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Hi I woul dlike to knwo if it would be possible in mesh creation process to make use of istanced submesh objects as parts of the same mesh

In order to save drawcalls, the some graphic engines combine identical elements of an object into one renderpass. It is mainly used on complex objects, which have a lot of separate internal parts, like fences ....

Thi could save also the polygon count and allow more olygonal meshes without the burden of an equivalent mesh that doesnt make use of istanced parts ....

 

 

 

 



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Short answer is no. Long answer is doing instancing in sl has historically been a hard problem due to prims so LL never bothered to implement it. Sculpties and mesh change that, but there are still some challenges to over come before you could do it. The biggest problem is state tracking, the way the viewer keeps track of objects is just not set up for instancing. So yes you could do it, if you spent a few months rewriting how the viewer manages objects.

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as mentioned in the usergroup this week, we respect instance flags in uploaded collada files, but the resulting instances will be able to scaled / modified / limited independently from each other. Using the same model multiple times in your build will save downloading / loading times.

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Yes but I didn't mean instances of the object but Instances of sub object elements ....

Imagine a fence made of 100 bars , and of those just 5 are modeled and the others instanced ...

 

This opposed to a 100  bars fence that each is different from the other...

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The suggestion is that streaming data size can be greatly reduced by using instancing for repeated elements within a single mesh object, together with transformations of the instances. The fence is a good example. My favourite is my fractal tree where the branches are repeats at ever lesser scales. It is even more relevant where a larger unique structure additionally contains repeated small structures (e.g. windows, tiles and beams in a house).

The instancing mechanism is available in Collada. However, it is already interpreted in a different way by the uploader, which instantiates the instances as separate objects. Thus the fence using instanced posts has a separate object for each post. For a fence with, say, 12 simple posts, that translates into 12 prims while the uninstanced version translates into 1. Given also lots of other disadvantages, nobody is going to use that. That is a pity because it means the potential download savings will not be made. As it is instancing is only sensibly usable where each instance would contribute at least one prim to the cost of the single object without instancing.

As instancing is already used, this suggestion has to be a request for adding a flag of some sort to change the interpretation of instancing, to flag it for intra-object replication. In yesterday's meeting, Runitai (Davep) explained that, although some download data might be saved (but see below), the instances would still have to be expanded for the physics engine and for the rendering engine. Allowing a thousand apples on a tree to cost one prim because they can all be in one tiny instanced mesh would defeat the purpose of the cost system to control resource loads, as the loads on the physics and rendering engine would be the same as in the uninstanced case. Some contortions of the accounting system would be required to accomodate this. It is hard to see how they could end up being much different from the present one-prim-per-instance cost. It might still be worthwhile for the download size reduction, but that will have to wait.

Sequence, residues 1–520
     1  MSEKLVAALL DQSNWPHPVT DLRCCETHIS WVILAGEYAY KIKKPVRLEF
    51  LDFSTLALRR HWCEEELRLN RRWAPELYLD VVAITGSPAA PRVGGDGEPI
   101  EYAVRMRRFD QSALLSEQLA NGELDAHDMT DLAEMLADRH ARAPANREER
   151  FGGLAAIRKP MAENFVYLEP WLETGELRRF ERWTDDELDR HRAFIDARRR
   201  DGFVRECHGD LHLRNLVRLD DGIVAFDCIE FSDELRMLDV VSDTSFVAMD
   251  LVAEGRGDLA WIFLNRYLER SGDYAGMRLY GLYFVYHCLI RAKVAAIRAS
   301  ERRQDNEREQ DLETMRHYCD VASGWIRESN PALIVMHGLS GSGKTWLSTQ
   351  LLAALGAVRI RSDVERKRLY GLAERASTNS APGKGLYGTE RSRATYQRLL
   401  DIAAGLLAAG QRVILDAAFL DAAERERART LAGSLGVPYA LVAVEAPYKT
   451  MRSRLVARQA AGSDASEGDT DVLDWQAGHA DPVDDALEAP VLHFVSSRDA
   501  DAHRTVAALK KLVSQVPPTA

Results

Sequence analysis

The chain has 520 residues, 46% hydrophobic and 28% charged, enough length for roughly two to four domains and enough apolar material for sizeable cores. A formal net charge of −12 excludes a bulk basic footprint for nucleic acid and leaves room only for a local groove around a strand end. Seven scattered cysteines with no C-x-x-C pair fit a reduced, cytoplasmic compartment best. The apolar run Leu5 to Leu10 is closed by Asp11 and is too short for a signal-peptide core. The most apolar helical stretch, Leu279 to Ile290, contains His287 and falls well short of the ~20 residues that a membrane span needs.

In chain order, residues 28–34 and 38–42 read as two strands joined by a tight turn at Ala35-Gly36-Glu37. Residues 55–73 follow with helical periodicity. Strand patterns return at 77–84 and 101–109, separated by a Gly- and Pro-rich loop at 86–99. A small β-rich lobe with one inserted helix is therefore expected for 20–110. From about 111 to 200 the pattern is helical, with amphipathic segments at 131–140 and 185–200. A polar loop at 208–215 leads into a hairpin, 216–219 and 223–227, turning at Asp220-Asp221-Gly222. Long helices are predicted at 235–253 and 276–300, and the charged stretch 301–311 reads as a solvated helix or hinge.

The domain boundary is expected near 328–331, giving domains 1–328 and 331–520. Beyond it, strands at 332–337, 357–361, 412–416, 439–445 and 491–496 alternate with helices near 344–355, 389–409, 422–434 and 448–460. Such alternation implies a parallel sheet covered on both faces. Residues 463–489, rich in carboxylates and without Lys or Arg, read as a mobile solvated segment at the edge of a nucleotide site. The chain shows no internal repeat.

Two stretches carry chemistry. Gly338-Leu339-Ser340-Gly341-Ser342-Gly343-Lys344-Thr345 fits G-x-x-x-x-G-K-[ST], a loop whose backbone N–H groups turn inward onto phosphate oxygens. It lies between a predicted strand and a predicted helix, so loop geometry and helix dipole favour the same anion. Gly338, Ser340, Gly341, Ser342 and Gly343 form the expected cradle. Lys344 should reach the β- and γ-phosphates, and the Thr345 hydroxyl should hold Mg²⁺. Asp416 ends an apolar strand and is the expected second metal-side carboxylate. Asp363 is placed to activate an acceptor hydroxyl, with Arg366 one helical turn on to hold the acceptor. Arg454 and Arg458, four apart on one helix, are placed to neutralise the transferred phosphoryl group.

There is an old jira about this in some more detail. See CTS-70, especially Runitai's comment, and CTS-78. This is a bit outdated because there is no "scene importer" any more, but it is the same issue. The scene importer was originally the only way to import multiple objects at one go. So here we were talking about different interpretations of instancing in scene and model importer. As their functions are now merged, this is no longer a possibility.

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What you are talking about is in the general category of "procedural generation".  It is already being used in some 3D graphics, and is likely to increase because it is so efficient.  Some examples:

* Cryengine 2 and 3 vegetation --  You define one geometry, like a tuft of grass, and a set of parameters for spacing, random size variations, etc.  Then the graphics engine places as many in view as needed according to the parameters.  The server does not need to track where each one is, since they are generated locally on your PC.

* E-on Software "Vue" landscapes -- Terrain and plant detail are generated by a fractal formula as needed.

* Allegorithmic "Substance" materials -- This generates textures and other bitmaps from a set of parameters.

The common feature is reduced storage and data transfer needed, at the expense of some more calculation when used.  Since computers and graphics cards only get faster with time, this gets easier to do.

What is preventing the efficient use of mesh instancing is the lower bound of exactly 1.00 prims and no less for any object.  If prim accounting had more decimal places, we could do things like a fence out of repetitive simple objects and not get overcharged for the complexity. 

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